Death by Paracetamol Syrup: Gambia investigates death of Children

Death by Paracetamol Syrup: Gambia investigates death of Children

Gambia’s government is investigating whether the deaths of dozens of young children from kidney failure in recent months are linked to a paracetamol syrup, the head of the country’s health service said on Thursday.

 

A spike in cases of acute kidney injury among children under the age of five was detected in late July. As cases mounted, doctors began to suspect medicines could be involved.

 

Gambia’s director of health services, Mustapha Bittaye, told Reuters that a number of patients began to fall ill with kidney problems three to five days after taking a paracetamol syrup sold locally.

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It was not yet clear if any particular brand of paracetamol was under investigation.

 

E. coli bacteria was also a possible cause, Bittaye said.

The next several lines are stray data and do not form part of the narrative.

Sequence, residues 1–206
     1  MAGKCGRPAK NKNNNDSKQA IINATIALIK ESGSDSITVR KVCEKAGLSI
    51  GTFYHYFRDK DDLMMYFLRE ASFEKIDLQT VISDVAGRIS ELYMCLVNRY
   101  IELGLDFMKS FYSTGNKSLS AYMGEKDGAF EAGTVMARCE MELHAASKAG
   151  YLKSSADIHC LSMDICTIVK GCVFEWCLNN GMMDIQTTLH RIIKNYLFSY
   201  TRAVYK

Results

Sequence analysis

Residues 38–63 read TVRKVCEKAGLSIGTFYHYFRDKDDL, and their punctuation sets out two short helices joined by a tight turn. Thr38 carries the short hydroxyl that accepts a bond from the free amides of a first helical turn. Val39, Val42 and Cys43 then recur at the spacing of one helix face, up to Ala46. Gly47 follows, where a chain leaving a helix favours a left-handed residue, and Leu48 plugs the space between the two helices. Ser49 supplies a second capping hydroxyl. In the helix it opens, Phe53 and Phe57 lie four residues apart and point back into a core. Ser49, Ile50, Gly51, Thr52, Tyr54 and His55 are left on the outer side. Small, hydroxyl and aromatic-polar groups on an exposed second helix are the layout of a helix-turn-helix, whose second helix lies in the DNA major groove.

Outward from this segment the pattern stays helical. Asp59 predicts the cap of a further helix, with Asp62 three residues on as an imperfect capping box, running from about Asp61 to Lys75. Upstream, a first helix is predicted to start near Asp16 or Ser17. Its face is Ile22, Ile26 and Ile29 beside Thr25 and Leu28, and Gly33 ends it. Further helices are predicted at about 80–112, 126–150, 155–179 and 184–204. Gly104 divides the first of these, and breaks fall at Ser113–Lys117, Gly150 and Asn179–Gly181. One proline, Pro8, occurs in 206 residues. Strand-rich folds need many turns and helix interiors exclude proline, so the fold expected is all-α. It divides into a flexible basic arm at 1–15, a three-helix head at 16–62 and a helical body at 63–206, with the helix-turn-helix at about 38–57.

Symptoms suffered by the children included an inability to pass urine and a fever that can within hours end in kidney failure.

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It’s usually spread by eating contaminated food or drinking contaminated water that contains illness-producing strains of E. coli

 

By early August, 28 children had died, according to health ministry figures, for a fatality rate of nearly 90 per cent. The number of fatalities is now much higher, said Bittaye.

 

An official updated tally is expected in the coming days.

 

“Dozens of children have died in the last three months,” Bittaye told Reuters by phone. “Autopsies suggest the possibility of paracetamol.”

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In a statement last week, health authorities said that this kind of illness often has more than one cause.

 

E. coli bacteria could also be a possible cause as heavy rains have caused flooding in Gambia, and across much of West Africa, in recent weeks.

 

The unpaved streets of the capital Banjul and surrounding towns have been overwhelmed.

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The use of open pit latrines and open drinking wells in urban centres can lead to the contamination of drinking water and contribute to a spread in waterborne illnesses like E. coli, health workers said.

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